By Ray Young
“This is a movie…isn’t it?”
Henry Jaglom x 3 on DVD
Tracks (1976) Written and directed by Henry Jaglom. With Dennis Hopper, Dean Stockwell, Taryn Power, Topo Swope, Zack Norman and Michael Emil. Widescreen, 91 minutes. Paramount DVD includes commentary by Henry Jaglom and Dennis Hopper. Available from Amazon
Someone to Love (1987) Written and directed by Henry Jaglom. With Orson Welles, Andrea Marcovicci, Sally Kellerman, Michael Emil, Oja Kodar and Henry Jaglom. Widescreen, 108 minutes. Paramount DVD includes commentary by Henry Jaglom and Andrea Marcovicci. Available from Amazon
New Year’s Day (1989) Written and directed by Henry Jaglom. With Maggie Wheeler, Gwen Welles, David Duchovny, Melanie Winter, Harvey Miller, Michael Emil, Milos Forman and Henry Jaglom. Widescreen, 88 minutes. Paramount DVD includes commentary by Henry Jaglom, Maggie Wheeler and David Duchovny. Available from Amazon
There’s a moment in the documentary, Who is Henry Jaglom?
(1997) when Alex Rubin and Jeremy Workman relate the debacle that faced them throughout the making of that film: does Henry Jaglom create good or perhaps even great pictures, or is it all just wasteful, pretentious, self-indulgent and bad
? Any given movie of his that they’d marvel at one day could seem appalling and amateurish the next. The maverick and fiercely independent writer and director of such introspective and gloss-free psychological comedies as Eating: A Very Serious Comedy About Women and Food
(1990) and the recent Hollywood Dreams
(2006), Jaglom doesn’t invite simple classification. At times his work appears to be a mixture of the varying moods and techniques in the films of John Cassavetes, Eric Rohmer, and Woody Allen…until the reality hits that, no, it isn’t, not at all. If anything, Jaglom’s work is truly original.
New on DVD from Paramount are three of his pictures and as good an introduction as any to his style and formulae: Tracks
(1976), New Year’s Day
(1989) and Someone to Love
(1987). That last one offers the final screen appearance of Orson Welles, holding court from the back row of a theatre (“the cheap seats,” he informs), pontificating on drama, art, relationships between men and women, and the inevitability of change. Released two years after his death, it’s an extended cameo appearance, a valentine to all film lovers, and the best thing Welles ever did after F for Fake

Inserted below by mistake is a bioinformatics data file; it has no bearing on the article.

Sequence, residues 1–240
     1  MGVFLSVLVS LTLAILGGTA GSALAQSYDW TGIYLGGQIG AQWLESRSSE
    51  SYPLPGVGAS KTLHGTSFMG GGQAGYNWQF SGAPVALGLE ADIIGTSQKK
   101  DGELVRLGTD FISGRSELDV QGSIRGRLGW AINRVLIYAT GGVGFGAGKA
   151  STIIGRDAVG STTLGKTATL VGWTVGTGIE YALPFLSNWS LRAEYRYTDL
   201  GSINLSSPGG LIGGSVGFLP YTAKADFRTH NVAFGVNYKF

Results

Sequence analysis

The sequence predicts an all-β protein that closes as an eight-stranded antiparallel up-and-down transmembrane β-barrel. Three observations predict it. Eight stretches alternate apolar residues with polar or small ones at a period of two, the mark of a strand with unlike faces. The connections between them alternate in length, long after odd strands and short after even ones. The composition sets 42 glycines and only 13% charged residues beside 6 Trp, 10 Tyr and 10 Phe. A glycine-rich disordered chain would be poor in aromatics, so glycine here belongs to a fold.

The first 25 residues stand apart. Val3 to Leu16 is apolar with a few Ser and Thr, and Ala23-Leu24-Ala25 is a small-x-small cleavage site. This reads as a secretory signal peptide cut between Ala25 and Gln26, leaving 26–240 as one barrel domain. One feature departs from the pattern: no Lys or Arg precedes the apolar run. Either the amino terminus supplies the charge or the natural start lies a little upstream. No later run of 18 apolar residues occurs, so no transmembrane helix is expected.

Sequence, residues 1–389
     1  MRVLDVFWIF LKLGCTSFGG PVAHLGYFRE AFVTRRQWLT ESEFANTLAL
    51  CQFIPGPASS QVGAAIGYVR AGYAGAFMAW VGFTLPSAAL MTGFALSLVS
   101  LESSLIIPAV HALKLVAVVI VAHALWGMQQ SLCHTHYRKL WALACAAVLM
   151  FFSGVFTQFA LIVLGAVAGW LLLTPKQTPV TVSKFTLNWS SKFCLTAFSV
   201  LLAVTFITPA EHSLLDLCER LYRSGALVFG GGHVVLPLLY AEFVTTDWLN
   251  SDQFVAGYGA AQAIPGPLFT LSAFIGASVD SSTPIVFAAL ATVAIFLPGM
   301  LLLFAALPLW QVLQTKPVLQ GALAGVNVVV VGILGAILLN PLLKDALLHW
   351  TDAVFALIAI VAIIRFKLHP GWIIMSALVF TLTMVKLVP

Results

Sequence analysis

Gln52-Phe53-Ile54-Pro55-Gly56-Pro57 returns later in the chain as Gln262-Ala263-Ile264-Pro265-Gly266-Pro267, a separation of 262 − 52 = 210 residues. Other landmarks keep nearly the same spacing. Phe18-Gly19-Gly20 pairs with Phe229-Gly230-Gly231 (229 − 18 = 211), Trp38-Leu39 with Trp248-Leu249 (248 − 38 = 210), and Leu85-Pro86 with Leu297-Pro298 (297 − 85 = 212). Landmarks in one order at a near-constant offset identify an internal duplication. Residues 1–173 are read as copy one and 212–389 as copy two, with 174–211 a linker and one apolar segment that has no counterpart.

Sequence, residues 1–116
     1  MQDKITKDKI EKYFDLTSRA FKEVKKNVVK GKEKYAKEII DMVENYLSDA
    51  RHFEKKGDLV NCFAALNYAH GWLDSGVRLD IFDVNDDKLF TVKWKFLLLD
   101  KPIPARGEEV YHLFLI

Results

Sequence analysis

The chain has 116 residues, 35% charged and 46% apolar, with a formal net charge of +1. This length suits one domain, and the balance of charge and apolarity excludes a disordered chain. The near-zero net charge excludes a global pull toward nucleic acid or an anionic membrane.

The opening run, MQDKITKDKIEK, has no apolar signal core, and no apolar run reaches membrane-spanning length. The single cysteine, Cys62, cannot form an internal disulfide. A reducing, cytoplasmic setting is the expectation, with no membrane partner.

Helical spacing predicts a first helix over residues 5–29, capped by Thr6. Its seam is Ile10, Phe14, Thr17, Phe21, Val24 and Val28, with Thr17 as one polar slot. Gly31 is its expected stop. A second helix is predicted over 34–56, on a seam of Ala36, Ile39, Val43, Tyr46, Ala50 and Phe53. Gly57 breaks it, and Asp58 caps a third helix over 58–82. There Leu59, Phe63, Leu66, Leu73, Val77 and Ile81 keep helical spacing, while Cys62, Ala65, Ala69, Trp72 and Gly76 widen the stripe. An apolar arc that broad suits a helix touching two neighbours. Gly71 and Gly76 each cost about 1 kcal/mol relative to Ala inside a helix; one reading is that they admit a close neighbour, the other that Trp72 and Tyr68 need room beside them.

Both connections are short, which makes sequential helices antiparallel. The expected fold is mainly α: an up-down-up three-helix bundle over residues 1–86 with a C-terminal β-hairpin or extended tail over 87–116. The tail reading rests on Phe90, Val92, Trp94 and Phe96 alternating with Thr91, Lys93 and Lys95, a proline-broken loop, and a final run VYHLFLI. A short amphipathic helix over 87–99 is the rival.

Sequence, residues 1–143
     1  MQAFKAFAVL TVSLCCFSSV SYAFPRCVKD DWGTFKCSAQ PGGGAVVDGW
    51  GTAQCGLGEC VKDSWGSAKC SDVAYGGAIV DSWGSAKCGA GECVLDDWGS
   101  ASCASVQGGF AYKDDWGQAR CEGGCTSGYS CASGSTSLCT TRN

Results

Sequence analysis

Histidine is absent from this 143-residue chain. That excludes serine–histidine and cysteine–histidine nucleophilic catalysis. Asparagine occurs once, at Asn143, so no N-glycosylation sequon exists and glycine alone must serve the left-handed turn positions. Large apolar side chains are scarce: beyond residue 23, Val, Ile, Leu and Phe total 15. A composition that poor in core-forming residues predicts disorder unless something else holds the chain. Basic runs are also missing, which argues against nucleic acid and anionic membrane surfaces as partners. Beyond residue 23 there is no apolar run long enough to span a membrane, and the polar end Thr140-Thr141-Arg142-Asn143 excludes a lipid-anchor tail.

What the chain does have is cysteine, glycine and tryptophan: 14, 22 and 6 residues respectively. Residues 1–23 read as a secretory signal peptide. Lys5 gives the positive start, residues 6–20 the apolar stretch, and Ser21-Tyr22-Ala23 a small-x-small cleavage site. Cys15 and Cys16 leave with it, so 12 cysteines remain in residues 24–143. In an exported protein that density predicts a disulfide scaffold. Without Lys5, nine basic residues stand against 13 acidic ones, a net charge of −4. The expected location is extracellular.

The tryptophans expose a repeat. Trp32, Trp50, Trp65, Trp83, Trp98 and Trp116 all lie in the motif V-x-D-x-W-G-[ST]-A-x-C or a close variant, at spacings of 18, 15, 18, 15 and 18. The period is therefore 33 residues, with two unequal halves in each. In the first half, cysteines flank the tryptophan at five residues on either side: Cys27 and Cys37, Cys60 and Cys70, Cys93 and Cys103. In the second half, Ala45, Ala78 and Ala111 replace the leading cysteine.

He’s garrulous and buoyant, warm, tender and humorous, a truer, less theatrical Orson than the imposing icon nurtured by myth, a man who lunched often with Jaglom and felt relaxed enough to question the unorthodox technique unfolding before him. (“This is
a movie, isn’t it?” he wonders aloud.) It’s also one of the very few commercial hooks to lure a prospective audience, as Jaglom’s films tread in uncharted waters infested with the kind of introspective theorizing that scares a lot of people off. Here the similarities with Cassavetes, Rohmer and Allen should click, but those directors often (always?) retreat to the relatively convenient comfort zones of anger, entangled romantic pursuits and idealism, where lofty characters are apt to gag on their own will. The people in Jaglom’s films appear similarly self-possessed, but the revelations his scripts deal to them—dependent upon their ability to listen and concentrate—can lead to states of grace, compassion and humility…or, in the case of Tracks
Taryn Power and Dennis Hopper in Tracks
Born in 1941, he started out as an actor, training with Lee Strasberg and doing some off-Broadway work and small roles on television. In the late 1960s he was in Hollywood when Jack Nicholson, Dennis Hopper and other members of the then ‘happening’ New American Cinema were beginning to alter forms and conventions. He’s listed as “Editorial Consultant” in the credits of Hopper’s Easy Rider
(1969), and played an artist weathering some nasty hallucinations in Richard Rush’s trippy Psych-Out
(1968). Then followed parts in Nicholson’s Drive, He Said
(1971), Hopper’s The Last Movie
(1971), and Welles’s The Other Side of the Wind
Jaglom wrote and directed his first picture, A Safe Place
, in 1971. A nostalgic romantic fantasy woefully unavailable on DVD or VHS, it stars Nicholson, the great Tuesday Weld, Firesign Theatre’s Phil Proctor, and Welles as an ethereal magician. It gained notoriety and a cult following (Anaïs Nin was a fan; you can read her take on it by clicking here
), but five years passed before the release of Tracks
, his second film.
Shot on railroad trains traveling across America, it follows an Army Sergeant (Hopper) transporting the body of a soldier killed in Vietnam back to his hometown. But Jaglom, as he would go on to demonstrate time and again, is less interested in developing a linear narrative than in exploring the mood of the period and the personalities of the people onboard (“A ship of fools,” he quips on the DVD commentary). He breaks the fourth wall right off the bat, before the opening credits when Hopper asks into the camera, “Do you think about your childhood?” It’s one of the dozens of questions floating freely with any number of concepts and confessions, in a film where the lines separating script from improvisation soon blur.